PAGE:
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Six Symptoms of Hearing Loss for Caregivers

downloadCaregivers deserve a hand. And they deserve a helping hand-up to aid with the challenges of attending to the life needs of those near and dear to them.

As hearing loss can mimic symptoms of many  other afflictions, if you are providing support for a loved one, below is a list of the most common signs of hearing loss, as well as information about hearing loss treatment. Family members are often the first to recognize that a loved one has hearing loss, but the symptoms may appear gradually and be difficult to detect.

Even professional caregivers can confuse the signs and symptoms of hearing loss with other conditions, missing opportunities for early diagnosis to minimize the long-term impact of hearing problems.

The most common indicators of hearing loss include:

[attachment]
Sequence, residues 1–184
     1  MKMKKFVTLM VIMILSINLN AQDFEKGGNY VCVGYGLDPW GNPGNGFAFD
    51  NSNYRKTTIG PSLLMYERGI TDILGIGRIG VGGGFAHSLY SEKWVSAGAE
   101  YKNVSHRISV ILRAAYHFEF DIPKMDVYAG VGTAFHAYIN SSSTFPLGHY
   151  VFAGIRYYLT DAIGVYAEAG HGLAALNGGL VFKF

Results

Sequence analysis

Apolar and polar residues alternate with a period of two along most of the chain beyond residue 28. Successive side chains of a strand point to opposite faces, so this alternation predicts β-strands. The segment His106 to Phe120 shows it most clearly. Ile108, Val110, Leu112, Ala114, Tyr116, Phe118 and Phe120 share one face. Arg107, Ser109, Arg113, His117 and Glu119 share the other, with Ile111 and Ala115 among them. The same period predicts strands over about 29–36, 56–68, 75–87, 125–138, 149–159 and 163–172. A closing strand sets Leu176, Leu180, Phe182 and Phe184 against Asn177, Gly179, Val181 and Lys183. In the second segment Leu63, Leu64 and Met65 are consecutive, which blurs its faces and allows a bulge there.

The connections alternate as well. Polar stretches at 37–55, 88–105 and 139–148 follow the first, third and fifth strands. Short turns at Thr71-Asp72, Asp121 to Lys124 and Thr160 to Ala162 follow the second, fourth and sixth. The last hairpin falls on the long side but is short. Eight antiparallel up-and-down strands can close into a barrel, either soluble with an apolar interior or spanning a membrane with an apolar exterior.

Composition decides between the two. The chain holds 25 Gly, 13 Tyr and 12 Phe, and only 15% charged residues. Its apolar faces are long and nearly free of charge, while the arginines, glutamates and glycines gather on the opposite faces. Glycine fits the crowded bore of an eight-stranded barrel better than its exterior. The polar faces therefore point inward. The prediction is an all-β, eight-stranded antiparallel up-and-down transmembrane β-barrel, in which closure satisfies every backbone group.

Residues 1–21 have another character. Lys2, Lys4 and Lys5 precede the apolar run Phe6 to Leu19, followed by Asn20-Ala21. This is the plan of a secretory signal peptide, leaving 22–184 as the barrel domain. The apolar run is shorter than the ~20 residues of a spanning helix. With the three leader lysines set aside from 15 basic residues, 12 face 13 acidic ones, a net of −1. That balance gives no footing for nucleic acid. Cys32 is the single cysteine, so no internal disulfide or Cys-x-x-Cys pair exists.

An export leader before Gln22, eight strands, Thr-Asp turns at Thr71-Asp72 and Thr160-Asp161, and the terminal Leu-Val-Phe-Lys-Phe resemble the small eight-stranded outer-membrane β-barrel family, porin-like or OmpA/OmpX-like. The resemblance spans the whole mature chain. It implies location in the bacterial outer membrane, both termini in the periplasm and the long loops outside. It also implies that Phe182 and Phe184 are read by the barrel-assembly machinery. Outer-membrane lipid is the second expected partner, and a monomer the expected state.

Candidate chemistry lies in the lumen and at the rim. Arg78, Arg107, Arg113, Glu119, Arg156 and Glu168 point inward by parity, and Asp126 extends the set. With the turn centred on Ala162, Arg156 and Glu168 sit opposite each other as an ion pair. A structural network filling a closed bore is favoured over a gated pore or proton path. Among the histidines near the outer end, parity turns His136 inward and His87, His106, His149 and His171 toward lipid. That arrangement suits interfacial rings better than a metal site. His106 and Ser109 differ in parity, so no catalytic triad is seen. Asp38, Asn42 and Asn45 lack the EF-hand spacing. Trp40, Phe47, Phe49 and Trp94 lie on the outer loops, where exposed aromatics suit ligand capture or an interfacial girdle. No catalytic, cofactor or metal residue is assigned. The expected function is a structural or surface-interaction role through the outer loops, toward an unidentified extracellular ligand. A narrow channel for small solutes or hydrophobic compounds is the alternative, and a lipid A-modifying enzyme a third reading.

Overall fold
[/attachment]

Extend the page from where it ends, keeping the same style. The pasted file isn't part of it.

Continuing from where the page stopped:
1. Turning up the volume of the television or radio
  2. Problems hearing the doorbell or the telephone ringing
  3. Difficulty hearing people calling from behind, or in another room
  4. Asking people to repeat themselves frequently
  5. Misunderstanding or “forgetting” what has been said or agreed upon
  6. Cupping hands behind the ears

A person with normal hearing can hear quiet sounds, medium and loud sounds that vary from low pitch to high pitch. In speech, soft consonant sounds like T, S and F are higher pitched than such strong vowel sounds as A, E and I. With hearing loss, it is difficult to differentiate between these sounds, and speech becomes harder to comprehend and sounds garbled.

If you, a friend or a family member are displaying any of these symptoms, we at Hearing Health Associates encourage you to take the simple first step and visit us for a free hearing examination by submitting your information on our Contact Us page.  Don’t miss out on the sounds you can be hearing, and helping others hear.